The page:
Friday, March 6, 2015

Shared Experiences in Gaming - Getting to Know Others while Roleplaying

This post was triggered by an interesting post to my Pathfinder game group. Although this question was not asked within the conversation - I'm the only anthro nerd after all - my brain jumped to all the theoretical implications about what had triggered the conversation. The question is: How do shared experiences in role playing differ from shared experiences when playing oneself in regards to getting to know others and social bonding?
Screenshot of my game group, Ladies, Lairs, and Lager, by Erik Landru

First some context. I got invited to play Pathfinder with a group that in all honesty, I barely knew. I had known the woman who invited me for about a year, but the others I only knew in passing through the woman who organized the group. Naturally, I have gotten to know a bit about the other players as we fall into quick conversations before, during, and after the game, but most of our time together is in game, and we don't socialize all that often outside of game night. (There is no negative reason for this other than we are all adults who work and work gets in the way of life.) Therefore, most of what I know about these people comes from our role-playing. Some of what gets role-played I know fits with individual personalities and some I know doesn't, but some is questionable. This then leaves the question of how do I know?

Often I don't know, but the more time I spend with this group the more I feel I know the players. It could be argued that even in role-playing aspects of one's inner self is still present and therefore I am getting to know these women. Although I don't disagree with this statement, it is inadequate in answering my question. Whatever personality trait may lead someone to play a certain role or to play it in a certain way is necessarily masked by the role itself. I did not choose to play a thief/rogue because I secretly want to be a criminal and I'm fairly sure our paladin is not a religious goody-two-shoes, our mage is not an actual pyromaniac, and our cavalier is usually not so stoic outside of game.
I borrowed this from here.

Of course in speaking of the inner self such obvious connections are not really what is meant as the very word "inner" tends to denote something much deeper and not necessarily expressed, but I point out the obvious here to make a point. Whatever the connection between player and role that may exist (if it exists) cannot be assumed. The connection may not even be direct or knowable without getting to know the players on a more intimate level.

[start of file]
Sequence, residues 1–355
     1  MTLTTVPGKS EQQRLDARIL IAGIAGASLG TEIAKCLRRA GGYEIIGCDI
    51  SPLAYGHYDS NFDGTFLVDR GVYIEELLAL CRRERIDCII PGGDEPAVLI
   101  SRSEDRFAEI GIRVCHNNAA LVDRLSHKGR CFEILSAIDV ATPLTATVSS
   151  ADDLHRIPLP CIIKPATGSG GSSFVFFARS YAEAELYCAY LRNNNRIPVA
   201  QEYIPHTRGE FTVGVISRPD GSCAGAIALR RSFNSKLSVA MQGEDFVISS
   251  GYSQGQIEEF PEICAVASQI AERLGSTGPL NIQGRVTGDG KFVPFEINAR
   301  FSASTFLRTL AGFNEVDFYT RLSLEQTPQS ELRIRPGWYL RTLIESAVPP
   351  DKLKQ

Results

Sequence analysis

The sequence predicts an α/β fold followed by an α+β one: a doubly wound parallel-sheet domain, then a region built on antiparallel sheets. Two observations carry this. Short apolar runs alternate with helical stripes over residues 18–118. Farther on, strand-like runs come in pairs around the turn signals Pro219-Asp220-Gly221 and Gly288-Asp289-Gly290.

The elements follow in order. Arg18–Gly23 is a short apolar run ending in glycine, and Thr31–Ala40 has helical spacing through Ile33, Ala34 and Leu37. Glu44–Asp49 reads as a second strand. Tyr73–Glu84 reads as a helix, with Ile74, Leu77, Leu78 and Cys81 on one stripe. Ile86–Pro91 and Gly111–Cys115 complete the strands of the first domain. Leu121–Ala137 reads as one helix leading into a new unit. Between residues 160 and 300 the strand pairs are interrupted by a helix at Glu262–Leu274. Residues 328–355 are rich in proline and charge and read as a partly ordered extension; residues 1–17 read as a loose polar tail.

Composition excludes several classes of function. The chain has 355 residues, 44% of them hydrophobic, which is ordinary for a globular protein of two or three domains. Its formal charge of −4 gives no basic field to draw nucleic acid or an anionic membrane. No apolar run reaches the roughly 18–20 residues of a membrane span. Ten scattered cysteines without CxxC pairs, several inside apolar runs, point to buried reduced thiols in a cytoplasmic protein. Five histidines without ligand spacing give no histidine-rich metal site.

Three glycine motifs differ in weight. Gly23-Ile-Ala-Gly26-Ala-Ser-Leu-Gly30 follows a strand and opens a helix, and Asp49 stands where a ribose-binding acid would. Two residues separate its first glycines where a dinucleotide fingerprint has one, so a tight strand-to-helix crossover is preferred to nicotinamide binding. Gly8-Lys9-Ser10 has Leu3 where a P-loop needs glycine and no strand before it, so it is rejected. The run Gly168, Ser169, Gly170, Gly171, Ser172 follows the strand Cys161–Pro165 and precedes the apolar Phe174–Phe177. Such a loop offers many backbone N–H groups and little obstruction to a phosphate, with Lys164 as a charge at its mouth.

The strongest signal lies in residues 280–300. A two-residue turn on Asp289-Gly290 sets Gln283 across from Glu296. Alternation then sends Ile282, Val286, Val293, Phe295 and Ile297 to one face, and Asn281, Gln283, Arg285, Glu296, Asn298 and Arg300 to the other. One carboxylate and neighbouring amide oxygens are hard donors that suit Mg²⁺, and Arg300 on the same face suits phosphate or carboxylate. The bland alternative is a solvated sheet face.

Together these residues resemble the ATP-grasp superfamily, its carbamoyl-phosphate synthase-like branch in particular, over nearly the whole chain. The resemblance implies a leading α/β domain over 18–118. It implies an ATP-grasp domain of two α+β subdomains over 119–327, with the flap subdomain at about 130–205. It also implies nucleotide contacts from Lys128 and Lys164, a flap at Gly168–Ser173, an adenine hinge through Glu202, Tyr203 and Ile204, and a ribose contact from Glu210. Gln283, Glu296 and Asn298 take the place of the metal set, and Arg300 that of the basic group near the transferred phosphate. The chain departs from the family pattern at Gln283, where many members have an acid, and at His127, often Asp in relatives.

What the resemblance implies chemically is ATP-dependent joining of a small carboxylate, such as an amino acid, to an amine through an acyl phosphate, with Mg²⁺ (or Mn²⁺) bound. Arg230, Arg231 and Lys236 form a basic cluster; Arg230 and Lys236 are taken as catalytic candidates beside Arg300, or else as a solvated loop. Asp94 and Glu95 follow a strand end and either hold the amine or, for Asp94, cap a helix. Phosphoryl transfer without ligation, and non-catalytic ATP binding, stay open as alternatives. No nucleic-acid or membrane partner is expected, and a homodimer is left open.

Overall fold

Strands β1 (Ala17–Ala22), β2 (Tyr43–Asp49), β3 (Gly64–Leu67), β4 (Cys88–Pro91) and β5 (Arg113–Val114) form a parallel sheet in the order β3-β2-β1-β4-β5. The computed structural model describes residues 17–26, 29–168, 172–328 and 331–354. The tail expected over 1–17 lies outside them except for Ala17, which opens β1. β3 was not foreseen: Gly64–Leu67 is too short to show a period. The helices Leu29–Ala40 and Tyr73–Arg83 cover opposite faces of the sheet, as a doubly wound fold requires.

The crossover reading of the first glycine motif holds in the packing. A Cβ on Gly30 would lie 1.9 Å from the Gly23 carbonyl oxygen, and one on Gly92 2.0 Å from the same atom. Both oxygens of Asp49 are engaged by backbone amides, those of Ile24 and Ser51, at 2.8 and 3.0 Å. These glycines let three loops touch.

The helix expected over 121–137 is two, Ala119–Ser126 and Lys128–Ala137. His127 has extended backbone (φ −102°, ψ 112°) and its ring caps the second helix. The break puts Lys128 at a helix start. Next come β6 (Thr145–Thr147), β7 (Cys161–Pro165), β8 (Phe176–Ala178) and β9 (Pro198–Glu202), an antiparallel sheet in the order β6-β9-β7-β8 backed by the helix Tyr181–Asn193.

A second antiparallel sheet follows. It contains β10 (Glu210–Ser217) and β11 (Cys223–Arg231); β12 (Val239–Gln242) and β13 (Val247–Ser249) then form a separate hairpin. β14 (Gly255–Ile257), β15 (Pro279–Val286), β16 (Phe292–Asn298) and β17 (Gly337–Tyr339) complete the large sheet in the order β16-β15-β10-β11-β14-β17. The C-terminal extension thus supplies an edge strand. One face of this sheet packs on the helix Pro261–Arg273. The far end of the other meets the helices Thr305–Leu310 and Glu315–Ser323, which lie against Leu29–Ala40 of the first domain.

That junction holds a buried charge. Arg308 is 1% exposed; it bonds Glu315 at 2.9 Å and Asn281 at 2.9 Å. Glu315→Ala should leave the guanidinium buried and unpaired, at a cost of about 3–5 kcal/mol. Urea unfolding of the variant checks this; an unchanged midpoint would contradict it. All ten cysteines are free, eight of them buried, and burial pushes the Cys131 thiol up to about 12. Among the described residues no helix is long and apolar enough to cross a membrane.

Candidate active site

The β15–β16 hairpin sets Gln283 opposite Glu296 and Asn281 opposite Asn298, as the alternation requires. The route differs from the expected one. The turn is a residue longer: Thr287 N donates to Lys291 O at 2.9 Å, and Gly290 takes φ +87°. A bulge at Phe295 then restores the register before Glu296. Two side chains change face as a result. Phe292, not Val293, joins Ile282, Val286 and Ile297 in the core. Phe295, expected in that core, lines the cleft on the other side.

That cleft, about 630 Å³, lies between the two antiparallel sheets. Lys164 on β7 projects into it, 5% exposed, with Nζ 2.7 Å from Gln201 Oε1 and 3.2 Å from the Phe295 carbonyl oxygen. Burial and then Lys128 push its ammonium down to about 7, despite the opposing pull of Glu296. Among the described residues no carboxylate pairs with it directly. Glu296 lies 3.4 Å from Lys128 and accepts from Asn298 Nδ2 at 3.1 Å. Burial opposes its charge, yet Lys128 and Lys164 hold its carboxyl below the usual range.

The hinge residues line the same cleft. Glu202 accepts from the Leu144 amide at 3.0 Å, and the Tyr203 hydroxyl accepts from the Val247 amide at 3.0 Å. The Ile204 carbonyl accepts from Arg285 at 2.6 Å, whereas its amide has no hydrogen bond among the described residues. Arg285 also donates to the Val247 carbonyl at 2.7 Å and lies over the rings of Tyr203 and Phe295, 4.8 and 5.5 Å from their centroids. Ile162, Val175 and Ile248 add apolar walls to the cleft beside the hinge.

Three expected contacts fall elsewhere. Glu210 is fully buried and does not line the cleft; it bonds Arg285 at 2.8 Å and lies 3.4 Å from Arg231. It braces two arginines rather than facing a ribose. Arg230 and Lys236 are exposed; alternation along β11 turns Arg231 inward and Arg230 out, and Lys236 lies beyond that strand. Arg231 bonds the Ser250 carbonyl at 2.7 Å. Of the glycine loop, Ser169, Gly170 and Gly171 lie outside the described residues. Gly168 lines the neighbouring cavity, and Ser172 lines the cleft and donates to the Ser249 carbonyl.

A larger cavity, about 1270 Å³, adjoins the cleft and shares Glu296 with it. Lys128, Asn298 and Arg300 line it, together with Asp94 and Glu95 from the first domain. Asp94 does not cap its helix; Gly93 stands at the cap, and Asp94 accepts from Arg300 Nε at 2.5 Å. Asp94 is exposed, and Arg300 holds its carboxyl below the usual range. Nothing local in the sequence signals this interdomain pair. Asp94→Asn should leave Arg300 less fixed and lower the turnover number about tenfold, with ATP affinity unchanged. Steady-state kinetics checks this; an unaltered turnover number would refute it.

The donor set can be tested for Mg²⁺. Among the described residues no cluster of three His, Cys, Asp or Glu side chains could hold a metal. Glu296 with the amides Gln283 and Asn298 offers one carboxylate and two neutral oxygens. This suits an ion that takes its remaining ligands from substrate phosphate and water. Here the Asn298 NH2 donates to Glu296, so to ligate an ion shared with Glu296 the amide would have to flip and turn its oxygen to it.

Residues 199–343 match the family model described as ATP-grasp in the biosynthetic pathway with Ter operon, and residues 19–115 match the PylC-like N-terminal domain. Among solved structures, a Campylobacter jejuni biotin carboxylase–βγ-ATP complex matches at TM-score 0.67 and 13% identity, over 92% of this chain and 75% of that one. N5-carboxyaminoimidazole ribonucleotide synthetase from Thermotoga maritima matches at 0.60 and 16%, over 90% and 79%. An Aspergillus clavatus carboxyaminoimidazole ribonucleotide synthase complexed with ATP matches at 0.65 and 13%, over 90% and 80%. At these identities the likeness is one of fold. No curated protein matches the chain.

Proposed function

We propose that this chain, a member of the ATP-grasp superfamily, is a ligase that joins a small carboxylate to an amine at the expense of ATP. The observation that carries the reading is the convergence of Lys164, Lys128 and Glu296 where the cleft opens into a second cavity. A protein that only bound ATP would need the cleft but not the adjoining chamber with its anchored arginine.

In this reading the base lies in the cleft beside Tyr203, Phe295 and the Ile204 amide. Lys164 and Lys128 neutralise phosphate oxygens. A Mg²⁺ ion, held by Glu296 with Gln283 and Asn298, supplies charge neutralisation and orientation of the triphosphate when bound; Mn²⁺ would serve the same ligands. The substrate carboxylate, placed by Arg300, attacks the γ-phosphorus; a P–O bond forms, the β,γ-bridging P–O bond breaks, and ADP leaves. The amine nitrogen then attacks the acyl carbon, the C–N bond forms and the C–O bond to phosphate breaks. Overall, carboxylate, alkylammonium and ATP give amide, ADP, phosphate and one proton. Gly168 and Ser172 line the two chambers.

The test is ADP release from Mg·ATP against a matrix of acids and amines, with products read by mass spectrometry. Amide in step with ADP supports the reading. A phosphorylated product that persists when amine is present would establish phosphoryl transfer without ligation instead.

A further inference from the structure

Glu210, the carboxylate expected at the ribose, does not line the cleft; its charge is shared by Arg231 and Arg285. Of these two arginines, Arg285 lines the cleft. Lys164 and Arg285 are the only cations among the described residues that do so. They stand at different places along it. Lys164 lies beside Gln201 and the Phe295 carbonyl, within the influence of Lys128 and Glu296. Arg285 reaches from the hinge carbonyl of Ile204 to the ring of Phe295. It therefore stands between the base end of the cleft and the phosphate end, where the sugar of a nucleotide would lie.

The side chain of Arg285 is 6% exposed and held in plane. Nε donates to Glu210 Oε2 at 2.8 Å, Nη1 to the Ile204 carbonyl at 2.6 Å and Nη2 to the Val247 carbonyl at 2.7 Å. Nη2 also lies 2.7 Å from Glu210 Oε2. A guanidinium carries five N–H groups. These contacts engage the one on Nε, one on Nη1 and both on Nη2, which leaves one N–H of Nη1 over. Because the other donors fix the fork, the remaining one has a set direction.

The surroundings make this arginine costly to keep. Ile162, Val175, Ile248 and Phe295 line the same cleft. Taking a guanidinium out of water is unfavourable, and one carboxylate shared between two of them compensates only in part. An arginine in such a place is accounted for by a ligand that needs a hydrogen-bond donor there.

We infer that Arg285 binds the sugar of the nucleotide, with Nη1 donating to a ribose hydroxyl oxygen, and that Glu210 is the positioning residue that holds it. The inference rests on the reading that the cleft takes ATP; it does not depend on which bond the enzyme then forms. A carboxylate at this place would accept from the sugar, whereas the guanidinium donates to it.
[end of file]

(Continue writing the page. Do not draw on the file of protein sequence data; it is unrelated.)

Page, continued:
Then there is the opposite standpoint, heard time and again (even before memes dominated our media) that you can never truly know another person. If taken to the extreme this may be true, in the sense that one person can never know everything about another, but this starting point is unproductive as it shuts down the conversation. None of us are omniscient and we likely never will be, but that doesn't mean we can't know anything - or that we can't know enough to confidently say we "know" another person.

So, moving beyond these two extremes I am left without a complete answer yet, but I can point out some differences. First, although shared experiences in role-playing do contribute to getting to know others and bonding it appears to be at a much slower pace than other social contexts. Second, despite this impediment, time spent in role-playing appears to lay a foundation for sociality that expedites the process outside of role-playing contexts. This suggests then that the shared experience of role-playing is in some way having the same effect as shared experiences in more mundane contexts, though the extent may differ.

I have only two experiences on which to base the second claim at present, but I expect to have more and so may elaborate on this idea later. Hopefully, as time progresses I can formulate a more thorough answer to my original question and, as I suspect, in so doing gain further evidence to support the second claim. In the meantime, you can watch us play on Twitch or get to know us on our Facebook page.

No comments:

Post a Comment